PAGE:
US defense budget cuts could 'hollow' military: Pentagon
Washington, Feb 21 : The US military is bracing for a looming wave of across-the-board budget cuts known as the "sequestration" that Pentagon officials say would dangerously erode the United States' defences.
"Sequestration will put us on a path toward a hollow force and inflict serious damage on our national security," outgoing US Defense Secretary Leon Panetta wrote in a letter informing Congress Wednesday that the Pentagon will place its civilian workforce on administrative leave if the budget cuts are not averted.
The automatic sequestration cuts were established by US lawmakers in 2011 as a sort of budgetary guillotine set to fall on the entire federal government should Congress fail to implement more than $1 trillion in fiscal cuts.
But with no deal in sight as the March 1 deadline approaches, the Pentagon is staring at a possible $500 billion in cuts across the entire US Defense Department over the next decade should Congress and US President Barack Obama fail to reach a budget deal.
Lawmakers and top US military brass have been sounding the alarm in recent weeks about the dangerous impact the cuts could have on the combat-readiness of US troops and the nation's image in the eyes of friends and foes.
"The world is watching us," Deputy Defense Secretary Ashton Carter said in testimony to the US Senate's appropriations committee last week. "Our friends and our enemies are watching us ... and they need to know that we have the political will to forestall sequestration."
The heads of the four branches of the US military told the Senate Armed Services Committee last week that sequestration would result in a significant loss of military personnel, a dearth funding for training, and degraded arms and equipment.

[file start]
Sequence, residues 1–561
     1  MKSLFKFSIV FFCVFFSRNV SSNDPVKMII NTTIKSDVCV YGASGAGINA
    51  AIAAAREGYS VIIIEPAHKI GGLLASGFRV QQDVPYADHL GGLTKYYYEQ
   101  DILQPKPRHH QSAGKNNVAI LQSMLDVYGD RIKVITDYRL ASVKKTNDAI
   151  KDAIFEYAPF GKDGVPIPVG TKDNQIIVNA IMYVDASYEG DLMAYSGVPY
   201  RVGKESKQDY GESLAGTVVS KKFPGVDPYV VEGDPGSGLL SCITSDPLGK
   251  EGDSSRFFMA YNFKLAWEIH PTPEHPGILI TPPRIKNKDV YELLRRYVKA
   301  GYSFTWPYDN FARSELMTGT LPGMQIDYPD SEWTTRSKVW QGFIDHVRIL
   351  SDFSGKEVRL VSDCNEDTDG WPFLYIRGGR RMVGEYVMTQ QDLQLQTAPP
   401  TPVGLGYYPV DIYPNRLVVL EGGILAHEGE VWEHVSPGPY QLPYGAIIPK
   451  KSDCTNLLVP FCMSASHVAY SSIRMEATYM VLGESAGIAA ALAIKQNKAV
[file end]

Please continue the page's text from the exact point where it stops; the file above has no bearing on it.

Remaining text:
The US army alone would see its ranks shrink by 100,000 soldiers next year due to the budget cuts, Army Chief of Staff Gen. Ray Odierno said in his testimony to the committee.
US Marine Corps Commandant Gen. James Amos told the committee that US forces' "qualitative combat edge will be severely eroded by the impacts of sequestration, leaving America's men and women with inadequate training, degraded equipment, and reduced survivability".
Obama has used his executive power to insulate military personnel from the cuts, though Panetta informed the Defense Department's 800,000 civilian employees in a memo Wednesday that they would be furloughed should the March 1 deadline pass with no deal.
"In the event of sequestration we will do everything we can to be able to continue to perform our core mission of providing for the security of the United States, but there is no mistaking that the rigid nature of the cuts forced upon this department, and their scale, will result in a serious erosion of readiness across the force," Panetta wrote in the memo.
Defense budget expert Michael O'Hanlon of the Brookings Institution, a Washington-based policy think tank, told RIA Novosti on Wednesday that some of these officials' dire warnings are "dramatizations".
"For example, our force will not become hollow and we will not fall from superpower status and capability," O'Hanlon said, though he added that the cuts are "at best hugely disruptive and a hugely inefficient policy."
The cuts would indeed "affect readiness"-primarily in training and maintenance-but their greatest impact may not be directly linked to the battlefield, O'Hanlon said.
"I believe it will be the insidious effects-convincing many civilian employees that the government is not a reliable employer, slowing down many weapons contracts in ways that make purchases more expensive over time, wasting a year as policymakers focus on a manufactured crisis rather than real substantive issues," he said.